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Higher TaxaKinosternidae (Kinosterninae), Kinosternoidea, Testudines (turtles)
Common NamesE: Vallarta Mud Turtle
S: Casquito de Vallarta 
DistributionMexico (Jalisco)

Type locality: urban stream in Puerto Vallarta, Jalisco, Mexico (WSG84, 20838024.9900N, 105813055.5700W, 10 m elevation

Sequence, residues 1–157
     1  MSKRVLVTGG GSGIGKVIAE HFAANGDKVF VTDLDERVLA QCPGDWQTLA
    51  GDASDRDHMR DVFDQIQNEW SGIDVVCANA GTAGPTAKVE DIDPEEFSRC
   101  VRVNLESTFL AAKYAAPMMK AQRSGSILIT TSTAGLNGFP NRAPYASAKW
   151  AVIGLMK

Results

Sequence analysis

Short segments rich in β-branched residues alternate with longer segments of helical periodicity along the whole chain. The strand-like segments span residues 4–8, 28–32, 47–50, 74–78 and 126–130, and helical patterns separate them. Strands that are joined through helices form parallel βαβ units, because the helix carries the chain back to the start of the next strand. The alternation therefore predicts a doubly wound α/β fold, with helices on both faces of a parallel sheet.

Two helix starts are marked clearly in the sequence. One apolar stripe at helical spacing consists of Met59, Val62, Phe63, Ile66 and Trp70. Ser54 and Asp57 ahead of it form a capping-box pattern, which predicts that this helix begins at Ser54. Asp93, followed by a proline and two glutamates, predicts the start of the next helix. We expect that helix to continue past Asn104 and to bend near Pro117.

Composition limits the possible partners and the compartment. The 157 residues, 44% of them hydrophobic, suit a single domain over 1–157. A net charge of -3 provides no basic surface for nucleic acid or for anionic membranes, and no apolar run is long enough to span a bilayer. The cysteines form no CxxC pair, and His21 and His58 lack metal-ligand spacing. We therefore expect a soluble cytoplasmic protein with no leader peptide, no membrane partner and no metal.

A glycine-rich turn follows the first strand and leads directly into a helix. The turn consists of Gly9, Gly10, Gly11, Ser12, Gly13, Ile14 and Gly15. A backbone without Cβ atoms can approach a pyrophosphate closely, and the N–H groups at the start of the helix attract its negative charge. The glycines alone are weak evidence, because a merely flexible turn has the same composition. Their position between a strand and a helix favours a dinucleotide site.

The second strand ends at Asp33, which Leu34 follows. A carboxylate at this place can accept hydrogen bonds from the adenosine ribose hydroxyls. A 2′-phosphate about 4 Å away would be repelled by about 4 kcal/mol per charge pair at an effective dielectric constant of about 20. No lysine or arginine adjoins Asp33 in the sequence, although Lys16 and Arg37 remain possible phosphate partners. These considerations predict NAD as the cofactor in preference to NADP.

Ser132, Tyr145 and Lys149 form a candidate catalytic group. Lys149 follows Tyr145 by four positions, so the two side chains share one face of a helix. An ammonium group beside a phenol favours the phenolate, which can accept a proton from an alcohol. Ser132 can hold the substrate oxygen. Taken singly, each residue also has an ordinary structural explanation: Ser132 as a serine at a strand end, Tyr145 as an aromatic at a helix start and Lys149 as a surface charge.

TypesHolotype: CNAR (originally as IBH-31568), whole, liquid-preserved adult male (CL = 87.1 mm); collected in July 2005 by F.G. Cupul-Magaña. Paratypes. Two males in the live collection of Reptilario Cipactli, Secretaría de Medio Ambiente y Recursos Naturales (SEMARNAT-UMA-EA-0035-JAL) numbers CUC-REPTILARIO K01 (CL = 83.1 mm) and CUC-REPTILARIO K02 (CL = 80 mm), collected in July 2012 near Río Pitillal in Puerto Vallarta, Jalisco (WSG84, 2083805600N, 10581304800W 10 m elev. masl), to be deposited on death to Colección Nacional de Anfibios y Reptiles (CNAR) from the Instituto de Biolog ́ıa at Universidad Nacional Autónoma de Me ́xico. IBH31550, whole, liquid-preserved young male adult (CL = 77.6 mm), collected 4 September 2015 by E. Centenero-Alcalá in a temporary stream of Ixtapa, Puerto Vallarta, Jalisco, Mexico, near the CUC of the Universidad de Guadalajara (WSG84, 2084104200N, 1058120900W, 40 m elev. masl). IBH-31569, whole, liquid-preserved adult male (CL = 89 mm), collected from an urban stream in Puerto Vallarta, Jalisco, Mexico (WSG84, 2083802400N, 10581305500W, 10 m elev. masl) in July 2005 by F.G. Cupul-Magaña; one dried carcass (sex unknown), with carapace (CL = 101.5 mm) and plastron in good condition, collected in July 2005 in a concrete channel near R ́ıo Pitillal (WSG84, 2083802700N, 10581305400W, 10 m elev. masl), deposited in Reptilario Cipactli. Recently, during diurnal surveys (25 August 2017) in a stream near the CUC, Universidad de Guadalajara (WSG84, 2084202400N, 10581301600W, 40 m elev. masl), 1 male (cicea-kv-01) (CL = 83.5 mm) and 1 female (cicea-kv-02) (CL = 88.7 mm) were captured by M.M. Ramírez-Ramírez. These individuals were deposited alive in the Centro de Investigación y Conservacio ́n de Especies Amenazadas CICEA (INE/CITES/DFYFS-CR-IN-0023-TAB/99) of the Divisio ́n Acade ́mica de Ciencias Biolo ́gicas of Universidad Jua ́rez Autónoma de Tabasco in Villahermosa City, Tabasco, Mexico, to begin a program of captive reproduction and create an assurance colony for this species.